All names in the following stories are fake, except it is true there was a preacher I once nicknamed “Brother Hee-haw.” He was an extremist of the kind who embarrasses other extremists but also pays them a service by making them appear more reasonable by contrast. He was an oracle of God, he thought, sent to Wisconsin to revive the first century church. I recall one sermon in which he invited an old and highly venerated couple to stand. “Brother Treecle,” he interrogated, “do you own a television?”
Brother Treecle flatly replied, “No.”
Hee-haw growled in approval: “This is what an Apostolic family should look like.”
Except I knew then that Brother Treecle did own a television, one he stored in his closet for occasional use. I can hardly blame him for lying under the circumstances. I would likely have done the same in his position. I can imagine his justification began the moment he seated himself. I do own a television, but not really. Not like how other people do. If it were up to me the thing would be in the dumpster. If anything, it’s Mrs. Treecle’s devil-vision.
Lies like this not only help preserve one’s reputation but also protect the faith of impressionable “babes in Christ” who are prone to worry and doubt. I can recall many occasions on which information was deliberately withheld in order to preserve the faith of others. To name just one: a church authority, Sean, found himself in a bad way at one point in his life, to the extent that he questioned the very existence of God. Thankfully, an out-of-state friend of his made a rare and eerily well-timed surprise trip to visit him. It was as though God himself had arranged the affair to rally his spirits, and rally them it did. Little did Sean know, the visit was not proof of divine intervention or clairvoyance – a concerned loved one, Mary, had arranged the visit in secret out of concern for Sean.
The lie of omission came when, time after time, Sean would share this story as a testament to God’s provision. His timely friend would nod along on these occasions as Sean emphasized the implausibility of the event, as Christians so often do. There is no way he knew of Sean’s condition. He never drops by unannounced, and so on. This is another lie for which it’s hardly fair to blame anyone. Neither Sean’s friend nor Mary were eager to burst Sean’s faith bubble and risk a relapse. Christians lie and withhold information regularly to protect others’ faith in much the same way some lie to protect others’ feelings. They work together to keep one another believing, and sometimes the virtue of faith supersedes that of honesty.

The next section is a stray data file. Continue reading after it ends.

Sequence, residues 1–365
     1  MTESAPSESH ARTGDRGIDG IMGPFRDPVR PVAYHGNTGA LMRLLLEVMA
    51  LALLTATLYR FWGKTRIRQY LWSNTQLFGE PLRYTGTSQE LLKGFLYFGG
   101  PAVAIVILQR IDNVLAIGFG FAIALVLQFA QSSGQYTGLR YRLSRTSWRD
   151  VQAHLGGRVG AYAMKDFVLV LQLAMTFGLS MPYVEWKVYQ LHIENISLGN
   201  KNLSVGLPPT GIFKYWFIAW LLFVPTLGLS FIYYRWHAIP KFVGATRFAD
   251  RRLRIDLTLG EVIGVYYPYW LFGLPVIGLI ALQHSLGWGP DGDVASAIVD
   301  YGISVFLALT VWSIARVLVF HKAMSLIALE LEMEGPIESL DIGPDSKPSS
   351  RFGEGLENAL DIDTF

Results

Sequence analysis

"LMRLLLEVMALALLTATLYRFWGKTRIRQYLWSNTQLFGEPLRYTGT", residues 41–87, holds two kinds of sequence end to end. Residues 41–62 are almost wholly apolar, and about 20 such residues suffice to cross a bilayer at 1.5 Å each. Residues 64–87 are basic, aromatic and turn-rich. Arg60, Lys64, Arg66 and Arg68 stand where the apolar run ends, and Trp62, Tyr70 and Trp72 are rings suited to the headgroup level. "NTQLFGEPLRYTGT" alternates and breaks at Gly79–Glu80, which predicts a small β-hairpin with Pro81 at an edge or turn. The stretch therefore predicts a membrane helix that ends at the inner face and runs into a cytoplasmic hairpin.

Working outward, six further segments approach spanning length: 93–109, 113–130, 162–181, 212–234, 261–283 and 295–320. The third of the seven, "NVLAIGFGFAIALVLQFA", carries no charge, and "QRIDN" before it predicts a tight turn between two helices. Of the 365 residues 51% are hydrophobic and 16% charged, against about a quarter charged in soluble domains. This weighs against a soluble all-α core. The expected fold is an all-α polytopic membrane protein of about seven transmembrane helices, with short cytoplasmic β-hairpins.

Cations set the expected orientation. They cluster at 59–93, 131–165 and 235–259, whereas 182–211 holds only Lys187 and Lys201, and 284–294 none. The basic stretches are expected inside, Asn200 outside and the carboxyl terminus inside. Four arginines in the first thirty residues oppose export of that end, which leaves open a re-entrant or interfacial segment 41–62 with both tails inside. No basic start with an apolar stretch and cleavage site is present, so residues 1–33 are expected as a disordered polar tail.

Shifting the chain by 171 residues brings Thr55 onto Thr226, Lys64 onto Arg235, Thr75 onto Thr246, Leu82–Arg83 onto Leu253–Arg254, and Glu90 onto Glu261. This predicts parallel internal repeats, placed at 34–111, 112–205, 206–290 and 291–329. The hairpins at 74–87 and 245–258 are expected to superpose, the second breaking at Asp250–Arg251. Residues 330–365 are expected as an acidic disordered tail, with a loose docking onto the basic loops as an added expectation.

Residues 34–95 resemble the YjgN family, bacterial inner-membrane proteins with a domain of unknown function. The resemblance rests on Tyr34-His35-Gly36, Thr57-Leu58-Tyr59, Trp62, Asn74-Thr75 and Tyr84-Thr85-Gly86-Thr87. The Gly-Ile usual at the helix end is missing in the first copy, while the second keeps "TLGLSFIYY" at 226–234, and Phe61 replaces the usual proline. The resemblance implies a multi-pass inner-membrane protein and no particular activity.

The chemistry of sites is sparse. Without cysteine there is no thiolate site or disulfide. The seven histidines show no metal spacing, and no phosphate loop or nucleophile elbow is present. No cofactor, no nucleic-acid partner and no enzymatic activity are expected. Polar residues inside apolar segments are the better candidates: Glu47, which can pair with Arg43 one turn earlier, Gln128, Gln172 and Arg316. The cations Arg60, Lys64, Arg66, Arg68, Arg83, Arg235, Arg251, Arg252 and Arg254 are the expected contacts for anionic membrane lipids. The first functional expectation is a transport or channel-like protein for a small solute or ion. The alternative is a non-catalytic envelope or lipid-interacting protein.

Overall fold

Christianity itself is a rich tradition of well-meaning deception. At least four (and as many as six) epistles attributed to Paul in the Bible are pseudonymous letters written by well-meaning Christians who borrowed Paul’s credibility to further doctrines they ostensibly believed to be true. The only first century, non-Christian historical reference to Jesus was made by the Jewish Scholar Josephus, and it is evident Christian scribes added some suspiciously complimentary words about their savior. It’s had the reverse effect in modern times, and Josephus scholars now call into question whether he made any reference to Jesus at all. The point is, this helpful deception has been going on for centuries.
As I write this, more stories in which the truth was warped with the humble intention of giving God more glory flood to mind. I recount none here to impugn anyone’s honor, and I certainly don’t wish to imply Christians are more self-deceived than others. I am prepared to say, however, the self-deception of non-believers can never hope to match cumulative effect achieved by religious deception for the simple reason that we can accomplish much more when we work together.
Eric Hoffer asserts that we lie loudest when we lie to ourselves. If only lying to ourselves required we remain by ourselves. As it stands, we lie most effectively when we lie to ourselves together.